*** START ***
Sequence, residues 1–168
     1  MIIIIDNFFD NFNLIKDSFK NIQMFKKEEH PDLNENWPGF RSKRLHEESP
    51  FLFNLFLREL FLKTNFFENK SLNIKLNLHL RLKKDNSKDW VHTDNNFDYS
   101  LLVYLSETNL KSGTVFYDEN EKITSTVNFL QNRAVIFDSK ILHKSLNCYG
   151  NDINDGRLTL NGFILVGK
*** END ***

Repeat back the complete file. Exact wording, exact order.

Sequence, residues 1–168
     1  MIIIIDNFFD NFNLIKDSFK NIQMFKKEEH PDLNENWPGF RSKRLHEESP
    51  FLFNLFLREL FLKTNFFENK SLNIKLNLHL RLKKDNSKDW VHTDNNFDYS
   101  LLVYLSETNL KSGTVFYDEN EKITSTVNFL QNRAVIFDSK ILHKSLNCYG
   151  NDINDGRLTL NGFILVGK